Races such as the Podium 5k and the Serpentine Last Friday of the Month 5k are renowned for offering a stripped down racing experience: fast course, cheap entry, no medals or t-shirts.

It’s no coincidence that both events regularly record some of the fastest 5k results in the country, their simple formats clearly harking back to the heydays of British distance running, pre-internet, pre-corporately organised road races, pre-jogging boom.

With both events charging £5 or less to enter, graded to ensure runners are competing against those of similar standard, held on flat, tarmac roads and paths and publishing results on the same day, they are a competitive athlete’s dream.

In June, another fast – and potentially furious event for more reasons than one – the Summer Speedway 10k is billed to take place on a flat, two lap course near Chepstow, filtering entries by the fastest athletes.

Once the entry date has passed, only the quickest will be able to race, with a limited number of on-the-day entries for sub-31 and sub-34 runners.

The longer standing Serpentine 5k, based in London’s Hyde Park, boasts course records of 14:35 (Andy Arrand, 1999) and 15:56 (Rachel Townend, 2007), and offers an A and B race option, the former being open only to those able to run the distance in less than 22 minutes.

Entries must be made in advance (due to Royal Parks rules, and, until this year, only by post) for the princely sum of £2 for club runners, but on completion of the race there is no water station, no medals, just an official time posted later that day.

The relatively new kid on the block to basic racing events, the Podium 5k, has courted – and won the attention of – the very best in British distance running to every fixture at its tarmac cycle track 1.1km loop course at Barrowford since its inaugural fixture in October 2014, with new Podium records of 14:19 and 15:25 set this year by Olympians Laura Weightman and Tom Lancashire.

Costing £5 on the night and offering cash prize incentives to winners as well as course record-breakers, it is clearly aimed at those who want to run as fast as they can.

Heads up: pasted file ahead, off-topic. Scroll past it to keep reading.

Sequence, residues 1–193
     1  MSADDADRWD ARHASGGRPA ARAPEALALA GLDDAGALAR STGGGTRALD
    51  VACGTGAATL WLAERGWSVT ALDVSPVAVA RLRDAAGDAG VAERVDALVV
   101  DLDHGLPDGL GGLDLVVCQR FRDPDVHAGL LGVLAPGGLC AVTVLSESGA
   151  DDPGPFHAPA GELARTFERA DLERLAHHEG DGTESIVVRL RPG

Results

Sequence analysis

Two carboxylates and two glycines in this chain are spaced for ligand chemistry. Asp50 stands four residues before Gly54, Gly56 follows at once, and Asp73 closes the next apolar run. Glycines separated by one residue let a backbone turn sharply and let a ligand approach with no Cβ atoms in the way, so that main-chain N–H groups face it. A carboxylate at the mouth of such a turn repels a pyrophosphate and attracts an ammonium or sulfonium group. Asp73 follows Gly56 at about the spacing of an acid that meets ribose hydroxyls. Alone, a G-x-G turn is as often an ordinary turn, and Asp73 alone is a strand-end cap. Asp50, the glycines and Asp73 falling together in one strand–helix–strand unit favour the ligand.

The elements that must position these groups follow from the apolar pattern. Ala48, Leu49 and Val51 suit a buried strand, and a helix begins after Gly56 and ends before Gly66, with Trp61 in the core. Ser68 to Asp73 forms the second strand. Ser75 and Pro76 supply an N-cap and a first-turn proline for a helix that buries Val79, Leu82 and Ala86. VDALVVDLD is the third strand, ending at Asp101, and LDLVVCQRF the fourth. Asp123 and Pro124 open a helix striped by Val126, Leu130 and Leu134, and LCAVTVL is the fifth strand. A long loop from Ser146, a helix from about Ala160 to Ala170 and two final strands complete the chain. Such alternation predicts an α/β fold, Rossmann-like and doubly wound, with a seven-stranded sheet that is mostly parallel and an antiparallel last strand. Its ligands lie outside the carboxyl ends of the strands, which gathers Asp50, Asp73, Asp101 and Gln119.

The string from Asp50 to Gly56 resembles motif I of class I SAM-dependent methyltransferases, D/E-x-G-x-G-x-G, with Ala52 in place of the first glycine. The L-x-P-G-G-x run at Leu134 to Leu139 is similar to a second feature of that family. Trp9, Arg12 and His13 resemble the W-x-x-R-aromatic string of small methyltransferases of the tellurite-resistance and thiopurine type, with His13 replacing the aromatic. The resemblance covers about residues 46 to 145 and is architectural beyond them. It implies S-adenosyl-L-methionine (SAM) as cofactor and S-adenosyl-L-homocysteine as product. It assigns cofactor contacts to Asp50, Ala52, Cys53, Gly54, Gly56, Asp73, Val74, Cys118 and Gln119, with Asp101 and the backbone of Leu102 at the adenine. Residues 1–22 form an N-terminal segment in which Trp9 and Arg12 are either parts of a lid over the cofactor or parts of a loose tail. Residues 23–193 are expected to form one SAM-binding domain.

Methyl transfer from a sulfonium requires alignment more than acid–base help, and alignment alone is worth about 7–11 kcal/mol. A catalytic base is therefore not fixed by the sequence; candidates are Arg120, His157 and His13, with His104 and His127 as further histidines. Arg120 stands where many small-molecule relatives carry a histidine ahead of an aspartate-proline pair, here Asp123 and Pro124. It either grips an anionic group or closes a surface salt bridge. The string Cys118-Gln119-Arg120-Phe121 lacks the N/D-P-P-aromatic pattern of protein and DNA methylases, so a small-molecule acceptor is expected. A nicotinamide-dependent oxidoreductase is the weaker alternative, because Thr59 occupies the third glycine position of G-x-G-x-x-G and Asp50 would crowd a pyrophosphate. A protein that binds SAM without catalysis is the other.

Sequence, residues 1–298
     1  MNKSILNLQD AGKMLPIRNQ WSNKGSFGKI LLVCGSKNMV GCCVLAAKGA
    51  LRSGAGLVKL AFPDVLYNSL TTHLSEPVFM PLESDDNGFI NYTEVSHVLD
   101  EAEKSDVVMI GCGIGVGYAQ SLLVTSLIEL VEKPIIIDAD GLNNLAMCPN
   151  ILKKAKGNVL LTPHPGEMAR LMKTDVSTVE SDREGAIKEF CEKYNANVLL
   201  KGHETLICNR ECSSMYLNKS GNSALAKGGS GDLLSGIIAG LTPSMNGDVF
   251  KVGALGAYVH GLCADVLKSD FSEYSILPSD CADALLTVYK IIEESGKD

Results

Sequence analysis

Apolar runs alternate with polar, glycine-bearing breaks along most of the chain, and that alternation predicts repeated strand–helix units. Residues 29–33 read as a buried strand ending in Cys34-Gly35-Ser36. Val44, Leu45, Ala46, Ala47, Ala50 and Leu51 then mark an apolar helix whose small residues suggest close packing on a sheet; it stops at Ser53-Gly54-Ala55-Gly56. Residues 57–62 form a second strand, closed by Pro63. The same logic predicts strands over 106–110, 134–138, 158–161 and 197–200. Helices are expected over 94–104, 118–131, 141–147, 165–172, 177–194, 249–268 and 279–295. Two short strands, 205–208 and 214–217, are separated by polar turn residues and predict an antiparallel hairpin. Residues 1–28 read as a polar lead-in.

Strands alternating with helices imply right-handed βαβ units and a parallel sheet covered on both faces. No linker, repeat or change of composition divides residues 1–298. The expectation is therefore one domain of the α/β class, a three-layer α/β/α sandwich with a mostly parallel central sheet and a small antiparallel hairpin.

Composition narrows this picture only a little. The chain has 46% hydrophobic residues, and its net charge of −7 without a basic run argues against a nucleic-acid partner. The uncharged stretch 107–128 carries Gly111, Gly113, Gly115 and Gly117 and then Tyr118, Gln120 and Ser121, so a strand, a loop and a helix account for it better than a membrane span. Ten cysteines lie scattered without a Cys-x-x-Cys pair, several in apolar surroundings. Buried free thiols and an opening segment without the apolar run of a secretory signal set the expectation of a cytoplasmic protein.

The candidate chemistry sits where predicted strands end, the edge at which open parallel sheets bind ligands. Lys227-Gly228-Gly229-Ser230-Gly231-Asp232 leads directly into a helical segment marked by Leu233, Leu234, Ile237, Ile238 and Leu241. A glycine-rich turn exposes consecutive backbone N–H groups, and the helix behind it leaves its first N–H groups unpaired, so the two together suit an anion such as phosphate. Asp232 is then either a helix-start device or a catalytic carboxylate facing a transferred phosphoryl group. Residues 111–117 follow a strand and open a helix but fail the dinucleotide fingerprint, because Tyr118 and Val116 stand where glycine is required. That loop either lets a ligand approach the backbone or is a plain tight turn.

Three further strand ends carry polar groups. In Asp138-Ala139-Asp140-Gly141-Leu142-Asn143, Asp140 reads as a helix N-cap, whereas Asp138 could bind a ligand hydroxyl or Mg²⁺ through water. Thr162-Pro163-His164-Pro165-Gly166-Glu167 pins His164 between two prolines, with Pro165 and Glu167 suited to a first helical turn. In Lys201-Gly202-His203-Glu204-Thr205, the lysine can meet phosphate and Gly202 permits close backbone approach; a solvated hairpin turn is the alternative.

The sole organiser of the Podium 5k, Chris Barnes, does not hold back when asked why he set up the no frills event: “It is disgusting what is happening to the sport, with corporate idiots trying to make fast cash at the expense of runners wanting to improve their times.

“I got sick of the masses of expensive races organised by people who don’t care about runners or fast times. Dave Norman (Altrincham & District AC’s veteran elite endurance runner and Fast Running class of 2018 member) is one of only a few people organising races by runners, for runners (most notably the Trafford 10k), which pushes the top end to faster results.

“Sadly, he is in the vast minority of elite athletes who organise races, they are mostly put on by corporate types who are only in it for the money and don’t care about improving the sport.

“I want to encourage the higher end of racing, and based the idea on the simplicity and competitiveness of the Stretford track races (held at Longford Park, Stretford and hosted by Trafford AC), where you enter on the night, compete in a graded race depending on your form, then go home.

“Likewise, we grade the Podium entrants into either the A or B race, so you’re running alongside others of a similar standard, which encourages faster times.” As Barnes adds succinctly, the A race is for sub-18 athletes, the B race is ‘sub-anything’!

Asked what factors have contributed to national 5k standards falling (with obvious, elite exceptions), he is controversial but forthright in his opinion: “parkrun has given joggers the divine right to hog the racing line, which is a shame as it is a fantastic event but has ruined 5k racing.”

Just one glance at the Podium’s illustrious list of female athletes who have beaten the 17-minute barrier (with six having gone better and run sub-16) on the course, it’s fair to say Barnes is going some way to addressing the quality at the sharper end of the nation’s 5k racing.

Past male winners of the event – held on three to four nights a year – include Matt Clowes, Jonny Mellor and Nick McCormick. The next fixture is billed for June 15th, with a new sub-16 minute elite race added to the evening’s racing alongside the regular sub-18 and open 5k.

Weightman, who set the Podium 5k course record in March, is also the course record holder in the women’s 3k at the Armagh Road Races in Northern Ireland. A unique event where record numbers of men and women continue to break barriers in the 5k and 3k races year after year. It’s a long time established event that attracts the best of Britain and Ireland for its elite men’s 5k, open women’s 3k and open men’s 3k.

These races aren’t alone

The Summer Speedway 10k is due to be held on June 17th, and promises a flat and fast course, a slimmed down field, chip timing and a basic £12 entry fee, with any profits going back into cash prizes.

Organiser James Blore explains why he felt the need to set up a race which will rank entrants on their best recorded time since 2012 and only allow entry to the top-ranked athletes once the deadline has passed: “It’s something I’ve wanted to do for a few years, but now more than ever I’ve felt it’s become something that’s actually necessary to do for the running community. And it’s my way of giving back to the sport that’s given me so much.